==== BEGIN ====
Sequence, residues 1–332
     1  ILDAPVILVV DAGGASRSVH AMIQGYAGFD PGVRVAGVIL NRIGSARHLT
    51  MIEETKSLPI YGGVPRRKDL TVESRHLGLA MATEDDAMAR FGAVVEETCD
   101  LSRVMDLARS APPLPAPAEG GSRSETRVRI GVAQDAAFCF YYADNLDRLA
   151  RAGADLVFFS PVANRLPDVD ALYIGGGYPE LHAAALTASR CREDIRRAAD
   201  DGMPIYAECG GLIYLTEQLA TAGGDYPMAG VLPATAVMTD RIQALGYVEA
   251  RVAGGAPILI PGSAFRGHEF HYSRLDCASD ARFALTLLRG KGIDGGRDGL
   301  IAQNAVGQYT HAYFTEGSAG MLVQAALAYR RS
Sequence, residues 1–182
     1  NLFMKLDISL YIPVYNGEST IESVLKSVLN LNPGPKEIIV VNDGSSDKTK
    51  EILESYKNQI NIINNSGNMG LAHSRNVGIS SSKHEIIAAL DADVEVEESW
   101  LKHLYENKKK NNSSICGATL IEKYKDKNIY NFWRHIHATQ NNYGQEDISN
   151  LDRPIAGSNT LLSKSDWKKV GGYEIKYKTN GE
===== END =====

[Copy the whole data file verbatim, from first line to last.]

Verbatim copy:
Sequence, residues 1–332
     1  ILDAPVILVV DAGGASRSVH AMIQGYAGFD PGVRVAGVIL NRIGSARHLT
    51  MIEETKSLPI YGGVPRRKDL TVESRHLGLA MATEDDAMAR FGAVVEETCD
   101  LSRVMDLARS APPLPAPAEG GSRSETRVRI GVAQDAAFCF YYADNLDRLA
   151  RAGADLVFFS PVANRLPDVD ALYIGGGYPE LHAAALTASR CREDIRRAAD
   201  DGMPIYAECG GLIYLTEQLA TAGGDYPMAG VLPATAVMTD RIQALGYVEA
   251  RVAGGAPILI PGSAFRGHEF HYSRLDCASD ARFALTLLRG KGIDGGRDGL
   301  IAQNAVGQYT HAYFTEGSAG MLVQAALAYR RS
Sequence, residues 1–182
     1  NLFMKLDISL YIPVYNGEST IESVLKSVLN LNPGPKEIIV VNDGSSDKTK
    51  EILESYKNQI NIINNSGNMG LAHSRNVGIS SSKHEIIAAL DADVEVEESW
   101  LKHLYENKKK NNSSICGATL IEKYKDKNIY NFWRHIHATQ NNYGQEDISN
   151  LDRPIAGSNT LLSKSDWKKV GGYEIKYKTN GE